Time is of the Essence for Short Sales right NOW!

Posted on 01. Aug, 2013 by ctlms in Blog, Foreclosures, My Blog, Real Estate, Short Sale, foreclosure

The Mortgage Debt Forgiveness Act of 2007 Expires 12/31/13

What does this mean and why is it important?

This act is what many short sale sellers use to avoid owing any taxes on the debt forgiven by their lender in a short sale.

You see, the IRS considers any forgiven debt to be taxable ordinary income, unless you qualify for an exemption.

This exemption was signed into law in 2007 and has been extended a few times as the housing crisis has continued.  It was most recent extended at the end of 2012, when it was set to expire, as part of the last minute fiscal cliff agreement.

So far there are no signs that it will be extended again and given the budget issues of the federal government, it is very possible it will not be extended again.

So what does this mean for you?

What this means is we have to do everything we can to get your short sale closed by 12/31/13 in order for the seller to be able to utilize this exemption to avoid potentially owing thousands of dollars in taxes to the IRS.

But it is only Aug... Why worry yet?

The reason I bring this up now is that it may already be too late.  The average short sale takes about 90 days from submission of an offer to when the approval letter is issued.  This process has been taking longer in recent months, not less.  Plus, after we have short sale approval it is often 30-60 days before the buyer's financing is ready to close.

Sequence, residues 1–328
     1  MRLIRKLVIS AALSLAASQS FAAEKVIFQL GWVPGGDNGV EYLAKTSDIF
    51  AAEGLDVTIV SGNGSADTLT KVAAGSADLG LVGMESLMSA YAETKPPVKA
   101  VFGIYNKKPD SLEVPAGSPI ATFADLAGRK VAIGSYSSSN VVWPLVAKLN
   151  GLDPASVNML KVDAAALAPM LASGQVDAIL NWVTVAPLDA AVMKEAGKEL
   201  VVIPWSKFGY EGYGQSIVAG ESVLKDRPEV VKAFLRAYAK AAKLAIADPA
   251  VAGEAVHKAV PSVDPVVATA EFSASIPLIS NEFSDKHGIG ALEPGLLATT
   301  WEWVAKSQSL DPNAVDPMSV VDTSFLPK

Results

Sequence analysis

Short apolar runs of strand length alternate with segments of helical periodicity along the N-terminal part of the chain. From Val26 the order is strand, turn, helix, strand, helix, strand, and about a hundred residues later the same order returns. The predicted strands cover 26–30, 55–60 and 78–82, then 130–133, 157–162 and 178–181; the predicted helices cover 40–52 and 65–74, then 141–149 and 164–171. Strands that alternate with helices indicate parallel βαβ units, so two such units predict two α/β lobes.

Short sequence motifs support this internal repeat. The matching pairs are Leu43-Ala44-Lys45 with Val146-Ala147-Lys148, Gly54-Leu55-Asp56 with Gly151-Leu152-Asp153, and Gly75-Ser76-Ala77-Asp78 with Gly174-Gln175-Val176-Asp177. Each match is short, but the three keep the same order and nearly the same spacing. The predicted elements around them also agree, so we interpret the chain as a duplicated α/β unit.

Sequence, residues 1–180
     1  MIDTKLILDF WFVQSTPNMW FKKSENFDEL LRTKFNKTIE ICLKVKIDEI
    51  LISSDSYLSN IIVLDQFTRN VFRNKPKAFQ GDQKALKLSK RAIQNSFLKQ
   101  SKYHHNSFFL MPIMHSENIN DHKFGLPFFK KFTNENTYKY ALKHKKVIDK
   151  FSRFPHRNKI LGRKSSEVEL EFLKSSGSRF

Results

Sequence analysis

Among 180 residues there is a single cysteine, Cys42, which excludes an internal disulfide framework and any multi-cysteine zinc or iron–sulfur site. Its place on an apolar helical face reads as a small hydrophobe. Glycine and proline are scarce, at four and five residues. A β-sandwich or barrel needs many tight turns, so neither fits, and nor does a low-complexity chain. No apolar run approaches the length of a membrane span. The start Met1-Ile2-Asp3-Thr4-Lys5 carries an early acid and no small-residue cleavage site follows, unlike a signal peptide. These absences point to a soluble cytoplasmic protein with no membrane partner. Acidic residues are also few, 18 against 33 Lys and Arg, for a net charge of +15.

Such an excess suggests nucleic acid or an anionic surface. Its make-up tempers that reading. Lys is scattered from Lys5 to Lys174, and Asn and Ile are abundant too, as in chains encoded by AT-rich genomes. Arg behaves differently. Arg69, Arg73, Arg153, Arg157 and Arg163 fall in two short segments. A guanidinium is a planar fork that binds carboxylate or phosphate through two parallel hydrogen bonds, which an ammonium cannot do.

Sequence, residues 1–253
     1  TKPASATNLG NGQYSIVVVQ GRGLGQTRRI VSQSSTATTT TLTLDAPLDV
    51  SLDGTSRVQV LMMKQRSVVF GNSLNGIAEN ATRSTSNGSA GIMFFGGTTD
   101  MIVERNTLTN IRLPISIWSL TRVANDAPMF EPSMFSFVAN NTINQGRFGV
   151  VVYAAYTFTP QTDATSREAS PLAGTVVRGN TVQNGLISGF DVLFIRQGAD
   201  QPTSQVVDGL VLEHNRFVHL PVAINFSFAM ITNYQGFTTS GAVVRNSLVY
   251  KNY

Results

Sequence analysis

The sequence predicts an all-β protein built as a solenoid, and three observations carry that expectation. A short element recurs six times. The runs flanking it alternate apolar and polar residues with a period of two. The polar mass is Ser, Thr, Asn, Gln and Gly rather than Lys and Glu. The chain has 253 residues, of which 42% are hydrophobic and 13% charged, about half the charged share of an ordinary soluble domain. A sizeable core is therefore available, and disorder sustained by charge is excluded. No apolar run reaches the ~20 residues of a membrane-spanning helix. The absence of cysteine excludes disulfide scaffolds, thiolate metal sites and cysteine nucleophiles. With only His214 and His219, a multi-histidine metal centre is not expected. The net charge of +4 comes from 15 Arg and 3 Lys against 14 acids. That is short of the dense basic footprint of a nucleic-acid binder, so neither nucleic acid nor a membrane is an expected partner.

So that means we are looking at potentially a 5 month process from Offer to Closing.  We have exactly 5 months left before 12/31/13.  So for some short sales, it may already be too late if they do not already have offers, or have circumstances that may cause their short sale to take more than 90 days to get approval.

So what can you do?

The biggest take away here is that we cannot sit on our hands when marketing these properties.  If it has been 2-3 weeks at your current price and there is no reason to believe an offer is coming, it is time for a price adjustment.  Right now sellers have no time to be waiting around for the perfect buyer at the perfect price.  They need the best offer they can get NOW.

This may mean that the offer you get could be a little lower than the very best offer out there.  And yes this may mean that the offer does not get accepted and the bank counters.

If they counter the buyer has the option to raise their offer.  We can also try to dispute the bank's opinion of value to reduce the counter.  But in the end, an offer may not be accepted.  At this point the seller typically has the option to ask the bank if they will accept a Deed in Lieu of Foreclosure (DIL) and basically give the bank the property in exchange for being relieved of their obligation to repay the loan.  In this situation there is still debt forgiven and if completed by 12/31/13 the seller still may qualify for the exemption.